Dwight L. Lane; Darvin R. Lane, Appellants, v. United States Department of Agriculture; Daniel Glickman, .secretary of the United States Department of Agriculture; the Farm Service Agency, of the United States Department of Agriculture; Keith Kelly, Administrator of the Farm Service Agency of the United States Department of Agriculture, William G. Jenson, the Judicial Officer of the United States Department of Agriculture, Appellees, 187 F.3d 793 (8th Cir. 1999)

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US Court of Appeals for the Eighth Circuit - 187 F.3d 793 (8th Cir. 1999) Submitted: May 12, 1999Filed: August 10, 1999

Appeal from the United States District Court for the District of North DakotaBefore BEAM, FLOYD R. GIBSON, and MURPHY, Circuit Judges.

BEAM, Circuit Judge.


Darvin and Dwight Lane (the Lanes) appeal the district court's dismissal of their declaratory judgment action. The Lanes challenge the administrative regulations that permit an executive appeal from an initial award of attorney fees under the Equal Access to Justice Act, 5 U.S.C. 504 (EAJA). The district court dismissed the action, finding that there had been no final agency action and therefore the case was not ripe for review. We affirm.

BACKGROUND

This is the second time these parties have been before this court and we will only briefly recount the lengthy factual and procedural history of this case. See Lane v. United States Dep't of Agric., 120 F.3d 106 (8th Cir. 1997). The Lanes borrowed money from what was formerly known as the Farmers Home Administration (FmHA), and later applied for delinquent loan servicing. The FmHA, a part of the United States Department of Agriculture (USDA), denied their request, and the Lanes successfully appealed to the National Appeals Division. The Lanes then sought attorney fees under the EAJA. See 5 U.S.C. 504. After an administrative hearing, the National Appeals Division adjudicative hearing officer awarded the Lanes fees and expenses under the Act. The USDA appealed the decision under USDA regulations promulgated under the EAJA. In response, the Lanes brought this action in district court, challenging the agency's authority to implement regulations providing for an administrative appeal of an award of attorney fees under the EAJA. The government's administrative appeal has been stayed pending the outcome of this action.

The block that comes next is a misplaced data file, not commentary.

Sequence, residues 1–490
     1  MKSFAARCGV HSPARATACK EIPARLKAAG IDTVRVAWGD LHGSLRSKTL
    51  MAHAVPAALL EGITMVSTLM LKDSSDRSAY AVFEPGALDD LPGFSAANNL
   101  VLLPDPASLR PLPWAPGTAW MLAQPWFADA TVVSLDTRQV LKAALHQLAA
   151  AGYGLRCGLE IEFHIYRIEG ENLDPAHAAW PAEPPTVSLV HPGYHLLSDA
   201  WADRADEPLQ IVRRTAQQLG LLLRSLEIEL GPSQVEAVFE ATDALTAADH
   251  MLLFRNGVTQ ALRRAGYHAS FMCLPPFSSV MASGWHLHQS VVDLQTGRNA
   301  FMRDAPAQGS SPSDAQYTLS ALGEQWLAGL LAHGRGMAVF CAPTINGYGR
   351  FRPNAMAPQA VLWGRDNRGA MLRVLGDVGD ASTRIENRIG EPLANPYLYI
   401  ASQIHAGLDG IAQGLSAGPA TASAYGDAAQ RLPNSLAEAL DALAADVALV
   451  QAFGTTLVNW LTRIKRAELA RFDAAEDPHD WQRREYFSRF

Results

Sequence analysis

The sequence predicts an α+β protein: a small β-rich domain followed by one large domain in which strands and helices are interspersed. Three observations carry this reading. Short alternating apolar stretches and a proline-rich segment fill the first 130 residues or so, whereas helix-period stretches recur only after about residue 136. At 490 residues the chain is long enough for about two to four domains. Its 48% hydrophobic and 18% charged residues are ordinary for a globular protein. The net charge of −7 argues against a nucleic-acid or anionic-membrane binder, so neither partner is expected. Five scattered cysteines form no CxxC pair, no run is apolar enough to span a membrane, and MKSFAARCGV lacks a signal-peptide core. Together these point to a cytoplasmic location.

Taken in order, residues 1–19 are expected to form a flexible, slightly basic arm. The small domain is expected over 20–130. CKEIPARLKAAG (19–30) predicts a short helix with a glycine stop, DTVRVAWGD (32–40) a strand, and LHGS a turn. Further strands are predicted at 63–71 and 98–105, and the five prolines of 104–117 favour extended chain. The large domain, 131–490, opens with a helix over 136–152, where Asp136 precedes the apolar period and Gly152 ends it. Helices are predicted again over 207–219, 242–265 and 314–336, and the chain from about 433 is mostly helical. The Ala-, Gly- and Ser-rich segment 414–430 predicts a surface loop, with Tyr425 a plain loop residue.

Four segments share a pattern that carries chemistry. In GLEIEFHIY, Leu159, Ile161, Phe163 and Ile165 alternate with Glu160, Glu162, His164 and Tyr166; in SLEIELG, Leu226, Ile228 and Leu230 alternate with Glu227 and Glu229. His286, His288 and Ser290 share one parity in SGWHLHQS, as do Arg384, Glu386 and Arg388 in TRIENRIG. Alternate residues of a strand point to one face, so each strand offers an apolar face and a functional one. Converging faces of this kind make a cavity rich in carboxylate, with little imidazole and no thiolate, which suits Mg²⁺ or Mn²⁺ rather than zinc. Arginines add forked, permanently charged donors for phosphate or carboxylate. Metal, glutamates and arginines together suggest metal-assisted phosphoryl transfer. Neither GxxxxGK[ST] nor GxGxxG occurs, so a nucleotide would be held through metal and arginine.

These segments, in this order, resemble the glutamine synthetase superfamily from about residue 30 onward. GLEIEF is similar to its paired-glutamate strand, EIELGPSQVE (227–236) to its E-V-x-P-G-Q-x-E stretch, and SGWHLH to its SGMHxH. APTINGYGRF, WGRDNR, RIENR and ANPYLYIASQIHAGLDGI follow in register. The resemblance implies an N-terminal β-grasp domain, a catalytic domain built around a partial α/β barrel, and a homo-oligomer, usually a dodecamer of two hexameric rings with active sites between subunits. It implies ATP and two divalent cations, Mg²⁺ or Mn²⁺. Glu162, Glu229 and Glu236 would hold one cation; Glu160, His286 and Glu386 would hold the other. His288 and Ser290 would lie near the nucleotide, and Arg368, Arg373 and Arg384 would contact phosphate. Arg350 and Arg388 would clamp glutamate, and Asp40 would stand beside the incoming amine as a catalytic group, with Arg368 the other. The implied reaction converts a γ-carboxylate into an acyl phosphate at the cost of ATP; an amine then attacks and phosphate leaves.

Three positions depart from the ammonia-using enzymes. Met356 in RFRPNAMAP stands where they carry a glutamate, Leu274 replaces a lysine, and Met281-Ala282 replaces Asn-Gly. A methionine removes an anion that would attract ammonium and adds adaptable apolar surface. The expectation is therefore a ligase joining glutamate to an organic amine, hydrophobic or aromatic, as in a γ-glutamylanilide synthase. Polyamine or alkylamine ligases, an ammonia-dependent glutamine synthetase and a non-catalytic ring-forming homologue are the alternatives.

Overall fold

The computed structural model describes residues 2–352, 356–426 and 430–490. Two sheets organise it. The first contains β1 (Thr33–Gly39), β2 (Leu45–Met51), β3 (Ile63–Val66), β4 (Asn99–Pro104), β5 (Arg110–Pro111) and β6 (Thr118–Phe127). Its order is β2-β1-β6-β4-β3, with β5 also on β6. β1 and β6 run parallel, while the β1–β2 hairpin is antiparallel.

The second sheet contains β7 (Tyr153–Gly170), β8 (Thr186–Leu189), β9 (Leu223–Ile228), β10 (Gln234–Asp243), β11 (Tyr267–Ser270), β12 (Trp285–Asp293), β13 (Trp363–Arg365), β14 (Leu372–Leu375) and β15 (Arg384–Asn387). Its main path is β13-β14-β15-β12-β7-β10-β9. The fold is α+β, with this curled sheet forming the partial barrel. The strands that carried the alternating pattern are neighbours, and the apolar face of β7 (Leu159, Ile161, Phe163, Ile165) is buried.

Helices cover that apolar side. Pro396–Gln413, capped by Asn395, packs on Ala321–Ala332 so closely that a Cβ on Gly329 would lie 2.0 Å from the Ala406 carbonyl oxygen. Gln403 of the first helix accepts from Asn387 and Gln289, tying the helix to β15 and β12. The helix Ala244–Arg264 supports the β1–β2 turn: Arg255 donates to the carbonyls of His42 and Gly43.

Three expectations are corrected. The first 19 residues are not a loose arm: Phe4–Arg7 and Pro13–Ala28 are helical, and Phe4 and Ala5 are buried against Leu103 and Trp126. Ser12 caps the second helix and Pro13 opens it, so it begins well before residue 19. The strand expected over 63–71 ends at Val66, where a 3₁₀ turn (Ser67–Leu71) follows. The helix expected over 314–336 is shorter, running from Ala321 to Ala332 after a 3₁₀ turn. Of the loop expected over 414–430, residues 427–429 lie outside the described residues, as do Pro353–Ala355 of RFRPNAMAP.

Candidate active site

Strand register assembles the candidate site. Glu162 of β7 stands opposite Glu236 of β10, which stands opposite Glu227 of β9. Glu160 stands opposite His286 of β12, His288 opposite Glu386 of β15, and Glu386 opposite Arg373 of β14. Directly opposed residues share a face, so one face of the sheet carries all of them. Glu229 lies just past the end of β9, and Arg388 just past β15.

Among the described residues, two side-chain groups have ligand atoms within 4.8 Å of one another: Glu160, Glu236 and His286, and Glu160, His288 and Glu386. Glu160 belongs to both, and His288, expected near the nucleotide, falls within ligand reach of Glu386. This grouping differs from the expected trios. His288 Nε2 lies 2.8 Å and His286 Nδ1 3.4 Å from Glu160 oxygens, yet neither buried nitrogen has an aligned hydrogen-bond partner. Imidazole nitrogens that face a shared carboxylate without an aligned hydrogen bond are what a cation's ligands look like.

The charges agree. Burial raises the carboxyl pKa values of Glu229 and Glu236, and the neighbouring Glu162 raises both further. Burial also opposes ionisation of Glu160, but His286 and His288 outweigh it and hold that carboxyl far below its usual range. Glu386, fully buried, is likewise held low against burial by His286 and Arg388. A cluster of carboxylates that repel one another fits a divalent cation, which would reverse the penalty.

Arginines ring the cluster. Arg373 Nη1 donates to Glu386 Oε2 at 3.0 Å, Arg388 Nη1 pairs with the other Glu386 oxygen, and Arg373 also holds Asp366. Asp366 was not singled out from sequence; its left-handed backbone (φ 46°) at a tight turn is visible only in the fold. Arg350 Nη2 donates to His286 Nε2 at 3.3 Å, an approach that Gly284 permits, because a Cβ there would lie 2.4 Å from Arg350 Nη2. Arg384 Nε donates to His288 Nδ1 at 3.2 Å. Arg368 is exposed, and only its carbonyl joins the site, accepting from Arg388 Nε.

The Lanes argue that the EAJA does not provide for agency review of National Appeals Division determinations, and that the decision of the National Appeals Division adjudicative officer is final. The USDA contends that the EAJA and the implementing regulations provide for an administrative appeals process, which it has. utilized, and that judicial review is not available until the administrative appeals proceeding has produced a final agency decision.

The district court granted the USDA's motion to dismiss. It reasoned that the agency action was not yet final. Although the district court mentioned the "exhaustion doctrine," it further reasoned that the case was not "ripe for judicial review because, among other things, no final adverse action has been taken . . . [and] further agency action could render a challenge moot or result in piecemeal challenges and review." The Lanes appeal. We affirm.